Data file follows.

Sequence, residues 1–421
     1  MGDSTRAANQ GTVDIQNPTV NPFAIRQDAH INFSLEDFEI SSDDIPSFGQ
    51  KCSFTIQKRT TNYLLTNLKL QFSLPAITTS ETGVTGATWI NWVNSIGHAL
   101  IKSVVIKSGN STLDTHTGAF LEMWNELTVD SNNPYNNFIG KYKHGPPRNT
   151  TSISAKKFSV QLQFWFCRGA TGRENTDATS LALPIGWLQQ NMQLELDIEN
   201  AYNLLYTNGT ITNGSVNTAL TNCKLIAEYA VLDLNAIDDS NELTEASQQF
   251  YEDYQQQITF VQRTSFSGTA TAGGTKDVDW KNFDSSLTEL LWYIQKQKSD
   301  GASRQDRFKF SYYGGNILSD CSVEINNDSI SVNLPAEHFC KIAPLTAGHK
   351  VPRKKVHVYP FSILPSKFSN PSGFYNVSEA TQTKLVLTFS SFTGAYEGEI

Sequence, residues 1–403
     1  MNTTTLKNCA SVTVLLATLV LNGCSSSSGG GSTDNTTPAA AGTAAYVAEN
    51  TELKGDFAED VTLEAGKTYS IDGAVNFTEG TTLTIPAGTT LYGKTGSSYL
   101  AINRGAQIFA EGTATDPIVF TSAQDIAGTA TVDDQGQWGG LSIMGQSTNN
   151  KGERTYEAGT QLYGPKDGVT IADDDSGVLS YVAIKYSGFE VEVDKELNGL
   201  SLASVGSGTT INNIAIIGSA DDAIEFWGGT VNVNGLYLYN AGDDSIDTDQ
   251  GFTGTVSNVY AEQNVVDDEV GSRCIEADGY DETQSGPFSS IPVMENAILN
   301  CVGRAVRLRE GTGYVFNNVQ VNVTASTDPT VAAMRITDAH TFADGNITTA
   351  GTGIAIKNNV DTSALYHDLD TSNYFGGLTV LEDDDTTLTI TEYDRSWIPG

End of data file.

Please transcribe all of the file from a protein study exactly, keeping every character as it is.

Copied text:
Sequence, residues 1–421
     1  MGDSTRAANQ GTVDIQNPTV NPFAIRQDAH INFSLEDFEI SSDDIPSFGQ
    51  KCSFTIQKRT TNYLLTNLKL QFSLPAITTS ETGVTGATWI NWVNSIGHAL
   101  IKSVVIKSGN STLDTHTGAF LEMWNELTVD SNNPYNNFIG KYKHGPPRNT
   151  TSISAKKFSV QLQFWFCRGA TGRENTDATS LALPIGWLQQ NMQLELDIEN
   201  AYNLLYTNGT ITNGSVNTAL TNCKLIAEYA VLDLNAIDDS NELTEASQQF
   251  YEDYQQQITF VQRTSFSGTA TAGGTKDVDW KNFDSSLTEL LWYIQKQKSD
   301  GASRQDRFKF SYYGGNILSD CSVEINNDSI SVNLPAEHFC KIAPLTAGHK
   351  VPRKKVHVYP FSILPSKFSN PSGFYNVSEA TQTKLVLTFS SFTGAYEGEI

Sequence, residues 1–403
     1  MNTTTLKNCA SVTVLLATLV LNGCSSSSGG GSTDNTTPAA AGTAAYVAEN
    51  TELKGDFAED VTLEAGKTYS IDGAVNFTEG TTLTIPAGTT LYGKTGSSYL
   101  AINRGAQIFA EGTATDPIVF TSAQDIAGTA TVDDQGQWGG LSIMGQSTNN
   151  KGERTYEAGT QLYGPKDGVT IADDDSGVLS YVAIKYSGFE VEVDKELNGL
   201  SLASVGSGTT INNIAIIGSA DDAIEFWGGT VNVNGLYLYN AGDDSIDTDQ
   251  GFTGTVSNVY AEQNVVDDEV GSRCIEADGY DETQSGPFSS IPVMENAILN
   301  CVGRAVRLRE GTGYVFNNVQ VNVTASTDPT VAAMRITDAH TFADGNITTA
   351  GTGIAIKNNV DTSALYHDLD TSNYFGGLTV LEDDDTTLTI TEYDRSWIPG